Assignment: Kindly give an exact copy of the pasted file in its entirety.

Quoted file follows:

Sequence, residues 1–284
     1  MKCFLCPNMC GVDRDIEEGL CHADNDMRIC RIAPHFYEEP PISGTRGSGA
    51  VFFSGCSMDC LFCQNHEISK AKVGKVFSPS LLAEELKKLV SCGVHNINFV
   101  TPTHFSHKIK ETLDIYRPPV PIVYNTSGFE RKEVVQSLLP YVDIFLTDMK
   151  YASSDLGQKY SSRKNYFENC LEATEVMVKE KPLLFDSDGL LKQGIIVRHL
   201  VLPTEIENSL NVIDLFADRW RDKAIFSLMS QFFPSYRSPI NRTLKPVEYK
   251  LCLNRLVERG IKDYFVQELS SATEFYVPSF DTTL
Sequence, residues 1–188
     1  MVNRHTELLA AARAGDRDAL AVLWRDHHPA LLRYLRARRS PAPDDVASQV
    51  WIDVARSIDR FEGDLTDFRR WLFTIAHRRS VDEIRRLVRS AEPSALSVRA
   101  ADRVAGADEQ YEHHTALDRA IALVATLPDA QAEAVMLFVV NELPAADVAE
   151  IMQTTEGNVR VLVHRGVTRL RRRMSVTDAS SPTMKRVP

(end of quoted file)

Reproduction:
Sequence, residues 1–284
     1  MKCFLCPNMC GVDRDIEEGL CHADNDMRIC RIAPHFYEEP PISGTRGSGA
    51  VFFSGCSMDC LFCQNHEISK AKVGKVFSPS LLAEELKKLV SCGVHNINFV
   101  TPTHFSHKIK ETLDIYRPPV PIVYNTSGFE RKEVVQSLLP YVDIFLTDMK
   151  YASSDLGQKY SSRKNYFENC LEATEVMVKE KPLLFDSDGL LKQGIIVRHL
   201  VLPTEIENSL NVIDLFADRW RDKAIFSLMS QFFPSYRSPI NRTLKPVEYK
   251  LCLNRLVERG IKDYFVQELS SATEFYVPSF DTTL
Sequence, residues 1–188
     1  MVNRHTELLA AARAGDRDAL AVLWRDHHPA LLRYLRARRS PAPDDVASQV
    51  WIDVARSIDR FEGDLTDFRR WLFTIAHRRS VDEIRRLVRS AEPSALSVRA
   101  ADRVAGADEQ YEHHTALDRA IALVATLPDA QAEAVMLFVV NELPAADVAE
   151  IMQTTEGNVR VLVHRGVTRL RRRMSVTDAS SPTMKRVP